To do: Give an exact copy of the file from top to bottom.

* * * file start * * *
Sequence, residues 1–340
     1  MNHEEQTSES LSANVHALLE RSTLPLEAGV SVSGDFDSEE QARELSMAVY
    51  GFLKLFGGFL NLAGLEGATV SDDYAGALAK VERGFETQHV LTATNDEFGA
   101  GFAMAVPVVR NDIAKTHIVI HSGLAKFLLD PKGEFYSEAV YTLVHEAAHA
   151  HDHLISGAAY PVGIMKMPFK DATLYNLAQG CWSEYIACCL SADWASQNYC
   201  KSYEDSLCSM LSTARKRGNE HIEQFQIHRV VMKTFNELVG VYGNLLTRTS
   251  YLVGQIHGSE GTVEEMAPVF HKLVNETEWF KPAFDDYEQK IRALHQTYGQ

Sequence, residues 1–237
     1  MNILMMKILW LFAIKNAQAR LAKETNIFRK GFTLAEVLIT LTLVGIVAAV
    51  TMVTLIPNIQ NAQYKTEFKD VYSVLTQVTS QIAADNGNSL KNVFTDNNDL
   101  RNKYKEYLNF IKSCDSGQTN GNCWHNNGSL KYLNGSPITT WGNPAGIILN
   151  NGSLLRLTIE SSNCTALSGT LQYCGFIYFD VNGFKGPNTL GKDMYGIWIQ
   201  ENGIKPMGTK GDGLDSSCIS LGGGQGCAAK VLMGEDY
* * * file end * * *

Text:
Sequence, residues 1–340
     1  MNHEEQTSES LSANVHALLE RSTLPLEAGV SVSGDFDSEE QARELSMAVY
    51  GFLKLFGGFL NLAGLEGATV SDDYAGALAK VERGFETQHV LTATNDEFGA
   101  GFAMAVPVVR NDIAKTHIVI HSGLAKFLLD PKGEFYSEAV YTLVHEAAHA
   151  HDHLISGAAY PVGIMKMPFK DATLYNLAQG CWSEYIACCL SADWASQNYC
   201  KSYEDSLCSM LSTARKRGNE HIEQFQIHRV VMKTFNELVG VYGNLLTRTS
   251  YLVGQIHGSE GTVEEMAPVF HKLVNETEWF KPAFDDYEQK IRALHQTYGQ

Sequence, residues 1–237
     1  MNILMMKILW LFAIKNAQAR LAKETNIFRK GFTLAEVLIT LTLVGIVAAV
    51  TMVTLIPNIQ NAQYKTEFKD VYSVLTQVTS QIAADNGNSL KNVFTDNNDL
   101  RNKYKEYLNF IKSCDSGQTN GNCWHNNGSL KYLNGSPITT WGNPAGIILN
   151  NGSLLRLTIE SSNCTALSGT LQYCGFIYFD VNGFKGPNTL GKDMYGIWIQ
   201  ENGIKPMGTK GDGLDSSCIS LGGGQGCAAK VLMGEDY